But, while every single player differed markedly from every other, there was a certain uniform negativeness of expression which had the effect of a mask—as if they had all eaten of some root that for the time compelled the brains of each to the same narrow monotony of action.

Deronda's first thought when his eyes fell on this scene of dull, gas- poisoned absorption, was that the gambling of Spanish shepherd-boys had seemed to him more enviable:—so far Rousseau might be justified in maintaining that art and science had done a poor service to mankind. But suddenly he felt the moment become dramatic. His attention was arrested by a young lady who, standing at an angle not far from him, was the last to whom his eyes traveled. She was bending and speaking English to a middle- aged lady seated at play beside her: but the next instant she returned to her play, and showed the full height of a graceful figure, with a face which might possibly be looked at without admiration, but could hardly be passed with indifference.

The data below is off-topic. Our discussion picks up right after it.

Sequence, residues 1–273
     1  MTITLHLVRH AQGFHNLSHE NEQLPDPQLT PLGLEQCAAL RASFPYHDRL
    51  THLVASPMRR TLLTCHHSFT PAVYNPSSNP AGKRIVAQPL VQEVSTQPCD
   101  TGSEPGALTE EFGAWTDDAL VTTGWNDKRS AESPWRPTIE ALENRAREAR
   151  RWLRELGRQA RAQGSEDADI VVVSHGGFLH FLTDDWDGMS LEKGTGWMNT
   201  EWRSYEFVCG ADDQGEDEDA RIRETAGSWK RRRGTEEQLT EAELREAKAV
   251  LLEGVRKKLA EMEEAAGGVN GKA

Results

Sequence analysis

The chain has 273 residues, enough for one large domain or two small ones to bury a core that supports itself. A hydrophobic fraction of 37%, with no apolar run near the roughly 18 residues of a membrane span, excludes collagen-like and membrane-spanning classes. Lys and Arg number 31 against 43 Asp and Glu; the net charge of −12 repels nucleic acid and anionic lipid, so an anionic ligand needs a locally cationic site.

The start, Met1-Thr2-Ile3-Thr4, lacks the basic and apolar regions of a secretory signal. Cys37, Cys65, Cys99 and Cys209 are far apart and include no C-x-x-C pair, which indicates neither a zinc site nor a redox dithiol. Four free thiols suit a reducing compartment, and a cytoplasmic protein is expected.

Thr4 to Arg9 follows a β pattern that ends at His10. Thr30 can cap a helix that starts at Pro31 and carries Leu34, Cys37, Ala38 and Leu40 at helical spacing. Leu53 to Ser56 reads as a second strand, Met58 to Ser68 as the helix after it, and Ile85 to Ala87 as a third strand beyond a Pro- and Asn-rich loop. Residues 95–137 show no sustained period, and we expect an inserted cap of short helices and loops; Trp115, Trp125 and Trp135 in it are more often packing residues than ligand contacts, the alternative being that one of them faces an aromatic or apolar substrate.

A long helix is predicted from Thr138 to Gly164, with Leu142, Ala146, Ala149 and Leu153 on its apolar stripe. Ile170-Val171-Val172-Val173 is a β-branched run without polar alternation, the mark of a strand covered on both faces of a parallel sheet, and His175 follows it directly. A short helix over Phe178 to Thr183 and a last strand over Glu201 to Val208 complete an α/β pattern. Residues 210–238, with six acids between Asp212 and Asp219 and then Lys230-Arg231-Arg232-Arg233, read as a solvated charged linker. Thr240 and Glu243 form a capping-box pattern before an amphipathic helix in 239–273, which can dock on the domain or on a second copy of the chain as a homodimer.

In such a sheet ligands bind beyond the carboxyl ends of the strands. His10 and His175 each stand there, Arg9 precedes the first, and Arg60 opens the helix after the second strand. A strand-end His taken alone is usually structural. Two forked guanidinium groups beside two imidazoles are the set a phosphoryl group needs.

The inward debate which she raised in Deronda gave to his eyes a growing expression of scrutiny, tending farther and farther away from the glow of mingled undefined sensibilities forming admiration. At one moment they followed the movements of the figure, of the arms and hands, as this problematic sylph bent forward to deposit her stake with an air of firm choice; and the next they returned to the face which, at present unaffected by beholders, was directed steadily toward the game. The sylph was a winner; and as her taper fingers, delicately gloved in pale-gray, were adjusting the coins which had been pushed toward her in order to pass them back again to the winning point, she looked round her with a survey too markedly cold and neutral not to have in it a little of that nature which we call art concealing an inward exultation.